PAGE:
- the conditional release of a person from prison prior to the end of the maximum sentence imposed.
- such release or its duration.
- an official document authorizing such a release.
- the promise, usually written, of a prisoner of war, that if released he or she either will return to custody at a specified time or will not again take up arms against his or her captors.
- (formerly) any password given by authorized personnel in passing by a guard.
- word of honor given or pledged.
- (in U.S. immigration laws) the temporary admission of aliens into the U.S. for emergency reasons or on grounds considered in the public interest, as authorized by and at the discretion of the attorney general.
- to place or release on parole.
- to admit (an alien) into the U.S. under the parole provision: An increased number of Hungarian refugees were paroled into the United States.
- of or relating to parole or parolees: a parole record.
Origin of parole1
- language as manifested in the actual utterances produced by speakers of a language (contrasted with langue).
Examples from the Web for parole
Contemporary Examples of parole
On his eighth try, more than three decades after he went in, the parole board finally voted to release Sam.His First Day Out Of Jail After 40 Years: Adjusting To Life Outside
January 3, 2015
As a free man, even on parole, I can sense that my life has value again.A Million Ways to Die in Prison
December 8, 2014
A series of judges and parole officers had ordered him to go as an alternative to jail.Elizabeth Peña and the Truth About Alcoholic Women
October 24, 2014
When convicted, those children can receive sentences as severe as life without the possibility of parole.Paying Taxes and Going to Jail Like Adults; Teens Deserve the Right to Vote, Too
October 6, 2014
But the law explicitly stated that a resulting life sentence was to be without even the possibility of parole.How the North Carolina GOP Made a Wrongfully Convicted Man a Death Row Scapegoat
September 4, 2014
Historical Examples of parole
Give me leave for three days on parole, and I will see you fully satisfied.Captain Blood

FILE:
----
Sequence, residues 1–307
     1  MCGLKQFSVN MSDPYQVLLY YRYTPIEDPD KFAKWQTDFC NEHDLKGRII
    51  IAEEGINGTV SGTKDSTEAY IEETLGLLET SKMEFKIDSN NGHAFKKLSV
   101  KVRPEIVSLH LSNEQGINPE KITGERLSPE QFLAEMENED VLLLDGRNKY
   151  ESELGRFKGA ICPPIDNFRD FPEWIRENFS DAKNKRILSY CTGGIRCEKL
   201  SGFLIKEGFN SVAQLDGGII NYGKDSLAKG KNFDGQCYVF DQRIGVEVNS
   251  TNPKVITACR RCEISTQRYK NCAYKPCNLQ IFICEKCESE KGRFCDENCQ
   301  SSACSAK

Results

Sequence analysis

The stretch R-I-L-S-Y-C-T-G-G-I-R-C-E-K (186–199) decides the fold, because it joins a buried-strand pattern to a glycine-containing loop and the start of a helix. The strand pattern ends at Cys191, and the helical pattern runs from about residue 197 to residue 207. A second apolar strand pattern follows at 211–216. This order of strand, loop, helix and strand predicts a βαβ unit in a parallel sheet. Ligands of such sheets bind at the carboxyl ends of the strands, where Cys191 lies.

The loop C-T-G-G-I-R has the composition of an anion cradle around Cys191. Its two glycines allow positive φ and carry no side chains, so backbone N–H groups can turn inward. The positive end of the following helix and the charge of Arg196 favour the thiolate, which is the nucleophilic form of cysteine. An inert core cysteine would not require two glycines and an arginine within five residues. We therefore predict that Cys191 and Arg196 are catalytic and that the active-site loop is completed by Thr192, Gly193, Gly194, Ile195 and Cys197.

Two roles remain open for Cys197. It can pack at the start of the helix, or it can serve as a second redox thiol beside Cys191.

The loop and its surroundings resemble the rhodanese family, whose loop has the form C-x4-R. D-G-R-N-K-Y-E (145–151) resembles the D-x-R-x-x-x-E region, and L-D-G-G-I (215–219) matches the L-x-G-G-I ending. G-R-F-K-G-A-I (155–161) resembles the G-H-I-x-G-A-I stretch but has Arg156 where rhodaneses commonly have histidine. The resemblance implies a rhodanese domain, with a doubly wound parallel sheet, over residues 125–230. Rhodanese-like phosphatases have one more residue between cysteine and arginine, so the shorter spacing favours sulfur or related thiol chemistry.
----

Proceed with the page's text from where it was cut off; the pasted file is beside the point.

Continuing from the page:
This parole he broke, landing from Europe at Vera Cruz in 1824.
After reigning for a twelvemonth, he was banished from Mexico on parole never to return.
If he could be released from parole he would do loyal service for his country.Rodney, the Ranger
John V. Lane
I gave my parole, and was allowed to come here to nurse him.A War-Time Wooing
- the freeing of a prisoner before his sentence has expired, on the condition that he is of good behaviour
- the duration of such conditional release
- a promise given by a prisoner, as to be of good behaviour if granted liberty or partial liberty
- a variant spelling of parol
- US military a password
- linguistics language as manifested in the individual speech acts of particular speakersCompare langue, performance (def. 7), competence (def. 5)
- on parole
- conditionally released from detention
- informal(of a person) under scrutiny, esp for a recurrence of an earlier shortcoming
- to place (a person) on parole
Word Origin for parole
Word Origin and History for parole
1610s, "word of honor," especially "promise by a prisoner of war not to escape," from French parole "word, speech" (in parole d'honneur "word of honor") from Vulgar Latin *paraula "speech, discourse," from Latin parabola (see parable). Sense of "conditional release of a prisoner before full term" is first attested 1908 in criminal slang.
1716, from parole (n.). Originally it was what the prisoner did ("pledge"); its transitive meaning "put on parole" is first attested 1782. Related: Paroled; paroling.